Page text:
News

Heat, hydration, and the ‘occupational athlete’

Brent Ruby, PhD, believes strategies developed in his lab for endurance athletes could benefit "occupational athletes" like commercial fishermen. (KCAW photo/Robert Woolsey)

Brent Ruby, PhD, a noted exercise physiologist from the lower 48 has been in Alaska this week updating health professionals on the latest research on hydration and heat stress. He’s also been taking a look at what he calls “occupational athletes,” like commercial fishermen, and trying to find ways his research can apply to their work. more

Where no shop class has gone before

Metlakatla Science teacher Jason Pipkin watches as the printer creates metric screws for a quadcopter his students are building. (KCAW photo/Robert Woolsey)

This is not your grandfather’s shop class. Late last month a group of high school and college shop teachers and a few of their students gathered for a three-day workshop in Sitka’s state-of-the-art Design and Fabrication Lab. The use of 3D printers and other computer-controlled equipment has revolutionized shop, and turned one of the most remote classrooms in the building into the coolest place in school. more

Update: Sealaska dividends include no earnings

Sealaska CEO Chris McNeil Jr. addresses Juneau's Native Issues Forum April 2, 2014. The corporation's spring distribution includes no operating revenue. (Ed Schoenfeld/CoastAlaska)

The Sealaska regional Native corporation does not appear to be making much – if any – money. more

‘Trends’ report shows economic upswing in Sitka

SEDA director Garry White is most concerned about "leakage": the money that leaves Sitka through internet sales or industrial activity that could occur locally. (KCAW photo/Robert Woolsey)

Sitka’s economy is continuing to tick upwards, based on statistical data. The latest issue of “Sitka Trends” shows a rebound in retail sales, unemployment, and personal income, paired with a decrease in the price of housing rentals. In looking for a “barometer” of Sitka’s health, SEDA director Garry White balances what he sees people spending on entertainment venues, versus shuttered downtown stores. more

Archaeologist: Herring once far more abundant, widespread

Herring caught during the 2014 Sitka Sound sac roe fishery. A recent study suggests that managers should take a longer view when managing fisheries like this one. (KCAW photo/Rachel Waldholz)

A recent study suggests that current herring populations in Southeast Alaska and British Columbia may be just a remnant of what once existed. Archaeologist Madonna Moss has studied sites in and around Southeast Alaska for decades. She says that evidence indicates that herring were once far more widespread than they are today. And, she says, fishery managers should look to the past when making decisions about the present. more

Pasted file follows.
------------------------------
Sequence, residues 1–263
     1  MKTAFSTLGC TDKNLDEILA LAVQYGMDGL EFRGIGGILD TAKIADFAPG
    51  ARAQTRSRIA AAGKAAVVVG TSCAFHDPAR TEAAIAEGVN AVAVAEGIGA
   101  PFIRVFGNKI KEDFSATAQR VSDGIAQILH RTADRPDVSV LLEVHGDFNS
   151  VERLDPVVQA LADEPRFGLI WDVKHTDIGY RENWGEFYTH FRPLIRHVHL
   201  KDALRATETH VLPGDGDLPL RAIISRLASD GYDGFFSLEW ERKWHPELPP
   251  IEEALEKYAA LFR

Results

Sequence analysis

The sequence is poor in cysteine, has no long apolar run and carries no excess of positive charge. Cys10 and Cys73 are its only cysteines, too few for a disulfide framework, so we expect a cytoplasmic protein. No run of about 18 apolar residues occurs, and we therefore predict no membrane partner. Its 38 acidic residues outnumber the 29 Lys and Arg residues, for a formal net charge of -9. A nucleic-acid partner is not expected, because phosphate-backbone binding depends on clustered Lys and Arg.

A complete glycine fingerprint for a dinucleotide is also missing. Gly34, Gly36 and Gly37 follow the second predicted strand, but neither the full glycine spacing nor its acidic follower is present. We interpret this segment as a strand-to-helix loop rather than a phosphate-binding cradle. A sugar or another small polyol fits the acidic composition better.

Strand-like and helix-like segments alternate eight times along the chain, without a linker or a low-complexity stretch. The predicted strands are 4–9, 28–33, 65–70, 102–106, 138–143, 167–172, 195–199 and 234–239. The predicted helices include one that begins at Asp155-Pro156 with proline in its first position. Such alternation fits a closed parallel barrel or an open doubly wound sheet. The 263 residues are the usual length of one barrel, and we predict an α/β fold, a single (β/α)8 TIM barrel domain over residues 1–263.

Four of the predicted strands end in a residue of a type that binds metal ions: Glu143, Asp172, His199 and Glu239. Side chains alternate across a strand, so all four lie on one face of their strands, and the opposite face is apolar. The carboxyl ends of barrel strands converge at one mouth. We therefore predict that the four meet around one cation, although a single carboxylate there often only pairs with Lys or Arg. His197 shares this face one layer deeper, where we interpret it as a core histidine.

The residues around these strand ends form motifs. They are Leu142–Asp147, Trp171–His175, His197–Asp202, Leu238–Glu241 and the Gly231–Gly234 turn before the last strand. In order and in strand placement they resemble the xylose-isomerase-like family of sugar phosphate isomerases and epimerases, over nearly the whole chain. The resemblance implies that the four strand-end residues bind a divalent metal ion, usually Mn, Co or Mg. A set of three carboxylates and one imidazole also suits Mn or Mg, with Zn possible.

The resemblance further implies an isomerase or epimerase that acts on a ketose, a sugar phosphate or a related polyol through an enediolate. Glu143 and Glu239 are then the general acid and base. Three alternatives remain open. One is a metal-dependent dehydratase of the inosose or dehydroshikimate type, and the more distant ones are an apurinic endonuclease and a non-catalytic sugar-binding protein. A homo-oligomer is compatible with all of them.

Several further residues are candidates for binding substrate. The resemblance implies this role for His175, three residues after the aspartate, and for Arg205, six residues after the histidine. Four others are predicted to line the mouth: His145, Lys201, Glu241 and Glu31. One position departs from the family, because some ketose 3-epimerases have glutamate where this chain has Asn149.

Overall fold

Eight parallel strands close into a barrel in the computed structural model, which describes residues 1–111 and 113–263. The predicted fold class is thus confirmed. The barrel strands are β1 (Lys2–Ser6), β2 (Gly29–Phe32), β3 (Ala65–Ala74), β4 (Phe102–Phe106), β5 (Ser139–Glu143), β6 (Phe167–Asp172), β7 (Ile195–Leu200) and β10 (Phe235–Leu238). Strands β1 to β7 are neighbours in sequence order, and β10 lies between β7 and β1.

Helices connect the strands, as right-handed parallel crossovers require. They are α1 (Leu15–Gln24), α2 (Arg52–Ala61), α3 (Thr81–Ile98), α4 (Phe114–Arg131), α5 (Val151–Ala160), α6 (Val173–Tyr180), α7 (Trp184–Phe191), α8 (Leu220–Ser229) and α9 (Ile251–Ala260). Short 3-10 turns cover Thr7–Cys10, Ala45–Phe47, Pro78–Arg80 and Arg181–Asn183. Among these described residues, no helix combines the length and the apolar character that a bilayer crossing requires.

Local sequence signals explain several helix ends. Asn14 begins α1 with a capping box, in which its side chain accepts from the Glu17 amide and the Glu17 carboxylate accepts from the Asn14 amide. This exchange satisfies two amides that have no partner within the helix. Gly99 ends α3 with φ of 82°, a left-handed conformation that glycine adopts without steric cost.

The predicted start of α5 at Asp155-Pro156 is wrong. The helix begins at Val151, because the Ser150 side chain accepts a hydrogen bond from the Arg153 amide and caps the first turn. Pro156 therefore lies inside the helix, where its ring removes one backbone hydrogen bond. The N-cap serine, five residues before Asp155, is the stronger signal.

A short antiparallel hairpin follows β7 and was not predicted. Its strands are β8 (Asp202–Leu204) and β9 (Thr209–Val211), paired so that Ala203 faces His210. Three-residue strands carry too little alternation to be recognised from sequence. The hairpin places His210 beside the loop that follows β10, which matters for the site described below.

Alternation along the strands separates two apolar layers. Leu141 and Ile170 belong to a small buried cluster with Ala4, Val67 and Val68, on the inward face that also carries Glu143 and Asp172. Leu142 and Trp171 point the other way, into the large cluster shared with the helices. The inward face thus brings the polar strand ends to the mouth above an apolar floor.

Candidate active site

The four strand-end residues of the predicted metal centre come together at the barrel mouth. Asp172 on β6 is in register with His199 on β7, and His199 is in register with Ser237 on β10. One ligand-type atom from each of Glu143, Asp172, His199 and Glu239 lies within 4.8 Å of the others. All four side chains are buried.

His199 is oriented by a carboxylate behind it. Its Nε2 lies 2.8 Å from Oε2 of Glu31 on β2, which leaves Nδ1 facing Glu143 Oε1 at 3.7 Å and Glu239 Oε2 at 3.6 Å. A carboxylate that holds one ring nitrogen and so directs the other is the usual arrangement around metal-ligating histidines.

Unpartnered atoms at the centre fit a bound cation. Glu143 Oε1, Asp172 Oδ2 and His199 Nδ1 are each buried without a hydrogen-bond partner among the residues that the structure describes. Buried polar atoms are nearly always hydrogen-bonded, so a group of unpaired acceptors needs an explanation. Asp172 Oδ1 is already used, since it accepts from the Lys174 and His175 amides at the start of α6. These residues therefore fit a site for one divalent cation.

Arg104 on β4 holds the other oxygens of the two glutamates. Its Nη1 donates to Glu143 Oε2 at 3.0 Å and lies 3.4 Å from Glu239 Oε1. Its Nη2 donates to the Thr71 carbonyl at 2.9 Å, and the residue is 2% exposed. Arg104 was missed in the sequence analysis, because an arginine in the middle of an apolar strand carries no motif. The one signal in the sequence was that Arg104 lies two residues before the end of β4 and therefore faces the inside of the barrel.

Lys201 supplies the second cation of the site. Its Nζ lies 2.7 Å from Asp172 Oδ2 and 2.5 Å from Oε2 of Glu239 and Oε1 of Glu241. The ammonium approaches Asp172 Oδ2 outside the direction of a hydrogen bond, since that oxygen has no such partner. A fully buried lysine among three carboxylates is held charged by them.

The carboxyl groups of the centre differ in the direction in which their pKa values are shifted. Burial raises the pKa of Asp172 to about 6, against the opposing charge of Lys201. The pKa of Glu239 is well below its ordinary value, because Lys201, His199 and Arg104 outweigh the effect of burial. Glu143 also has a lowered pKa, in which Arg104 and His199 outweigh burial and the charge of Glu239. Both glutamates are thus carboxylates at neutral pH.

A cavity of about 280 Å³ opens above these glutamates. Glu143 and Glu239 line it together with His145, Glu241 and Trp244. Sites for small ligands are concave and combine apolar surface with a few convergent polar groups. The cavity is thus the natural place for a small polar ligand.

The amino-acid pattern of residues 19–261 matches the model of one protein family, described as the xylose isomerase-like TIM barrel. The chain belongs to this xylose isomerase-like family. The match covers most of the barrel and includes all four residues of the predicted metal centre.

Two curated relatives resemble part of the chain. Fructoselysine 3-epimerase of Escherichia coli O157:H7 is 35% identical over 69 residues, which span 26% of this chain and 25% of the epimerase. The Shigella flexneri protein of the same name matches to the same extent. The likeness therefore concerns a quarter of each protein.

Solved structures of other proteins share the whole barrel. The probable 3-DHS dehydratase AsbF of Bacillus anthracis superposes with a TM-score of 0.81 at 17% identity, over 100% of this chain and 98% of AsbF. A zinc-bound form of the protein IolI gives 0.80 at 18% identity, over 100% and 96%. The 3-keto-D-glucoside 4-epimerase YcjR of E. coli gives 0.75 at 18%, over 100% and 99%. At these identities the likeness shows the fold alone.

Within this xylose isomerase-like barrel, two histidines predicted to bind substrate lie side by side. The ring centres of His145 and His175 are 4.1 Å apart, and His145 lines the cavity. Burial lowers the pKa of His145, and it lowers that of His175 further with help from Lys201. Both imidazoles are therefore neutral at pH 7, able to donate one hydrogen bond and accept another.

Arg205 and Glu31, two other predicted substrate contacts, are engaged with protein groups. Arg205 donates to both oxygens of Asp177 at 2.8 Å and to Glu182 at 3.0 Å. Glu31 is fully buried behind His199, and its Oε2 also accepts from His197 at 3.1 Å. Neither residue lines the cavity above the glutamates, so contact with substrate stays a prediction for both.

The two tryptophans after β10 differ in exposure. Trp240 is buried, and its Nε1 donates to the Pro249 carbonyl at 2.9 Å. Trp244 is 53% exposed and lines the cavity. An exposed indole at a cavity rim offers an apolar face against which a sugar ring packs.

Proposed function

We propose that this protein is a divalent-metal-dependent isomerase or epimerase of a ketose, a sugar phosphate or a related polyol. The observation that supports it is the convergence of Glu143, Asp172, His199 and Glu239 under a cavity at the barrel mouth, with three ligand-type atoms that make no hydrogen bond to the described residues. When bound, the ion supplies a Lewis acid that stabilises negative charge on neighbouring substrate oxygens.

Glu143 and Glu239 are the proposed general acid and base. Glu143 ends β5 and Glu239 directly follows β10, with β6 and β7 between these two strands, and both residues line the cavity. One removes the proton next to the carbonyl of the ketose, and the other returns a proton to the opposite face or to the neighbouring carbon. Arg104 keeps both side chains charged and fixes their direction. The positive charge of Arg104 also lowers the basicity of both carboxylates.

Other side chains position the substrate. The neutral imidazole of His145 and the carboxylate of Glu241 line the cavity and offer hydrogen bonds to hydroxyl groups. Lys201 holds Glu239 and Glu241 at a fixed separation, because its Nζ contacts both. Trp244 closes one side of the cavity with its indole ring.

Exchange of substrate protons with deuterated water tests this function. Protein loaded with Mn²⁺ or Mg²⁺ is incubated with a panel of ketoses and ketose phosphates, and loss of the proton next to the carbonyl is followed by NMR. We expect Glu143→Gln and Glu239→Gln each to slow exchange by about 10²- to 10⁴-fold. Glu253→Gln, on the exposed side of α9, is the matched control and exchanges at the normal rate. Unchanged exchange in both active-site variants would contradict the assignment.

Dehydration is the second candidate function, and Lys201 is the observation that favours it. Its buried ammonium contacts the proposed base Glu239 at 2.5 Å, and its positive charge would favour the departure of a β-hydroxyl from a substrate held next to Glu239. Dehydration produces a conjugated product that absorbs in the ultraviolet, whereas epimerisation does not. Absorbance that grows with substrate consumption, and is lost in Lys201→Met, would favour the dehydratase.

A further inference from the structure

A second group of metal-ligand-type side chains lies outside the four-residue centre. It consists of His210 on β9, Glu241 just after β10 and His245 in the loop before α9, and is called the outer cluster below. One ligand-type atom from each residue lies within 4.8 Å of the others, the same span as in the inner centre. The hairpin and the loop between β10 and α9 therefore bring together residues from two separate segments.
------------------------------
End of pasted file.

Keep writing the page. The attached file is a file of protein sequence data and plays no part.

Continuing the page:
Food tastes better when it’s shared

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It’s crisp, crunchy, and salty — and you’ll never find it in a bag in the grocery store. Dipped in seal oil or eulachon oil (hooligan), it is a traditional Southeast Alaskan delicacy that signals spring as surely as a warm, sunny day. But, gathering herring eggs-on-hemlock branches is about a lot more than food. more

Ferry LeConte breaks down, Aurora fills in

The ferry LeConte docks in Skagway in 2009. The ship is in drydock to repair a broken bow thruster. (J Webber/Creative Commons)

The Alaska Marine Highway ferry Aurora is scheduled to take over LeConte sailings on Friday, April 4. more

A biologist’s view of herring season

ADF&G biologist Dave Gordon disembarks from a float plane after an aerial survey of Sitka Sound, headed for the state research vessel, the Kestrel. (KCAW photo/Rachel Waldholz)

Sitka’s commercial herring season ended on Saturday, after fishermen caught over 17,000 tons of herring in just nine days. As it does every year, the fishery brought a fleet of seiners to town, and drew residents to the waterfront to watch the high speed derby unfold in front of them. And at the center of all this action is a team of biologists, whose job is to strike a balance between protecting the resource, and providing access for fishermen. more

Pro-lifers oppose Planned Parenthood in Sitka’s middle school

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A pro-life group remains concerned over Planned Parenthood’s involvement in health instruction at Blatchley Middle School last fall, even though the curriculum is no longer being taught. The Sitka/Southeast Alaska Coalition for Life Tuesday night (4-1-14) presented the school board with a letter signed by 150 residents, expressing shock over the participation of Planned Parenthood. more

A timeless prank turns 40

Despite his reputation as a prankster, Porky Bickar was civic-minded. He alerted local authorities to the prank -- with the notable exception of the Coast Guard, which sent a plane from Juneau.

The Museum of Hoaxes puts it at number 16 on the list of Top 100 April Fools Hoaxes of All-Time. The Eruption of the Mt. Edgecumbe Volcano was staged in Sitka 40 years ago today, on April 1, 1974. The prank was orchestrated by Porky Bickar and a group of co-conspirators known as the “Dirty Dozen,” using a helicopter and two sling loads of old tires. This story is from our archives. It was originally produced in 2009 on the 35th anniversary of the prank. more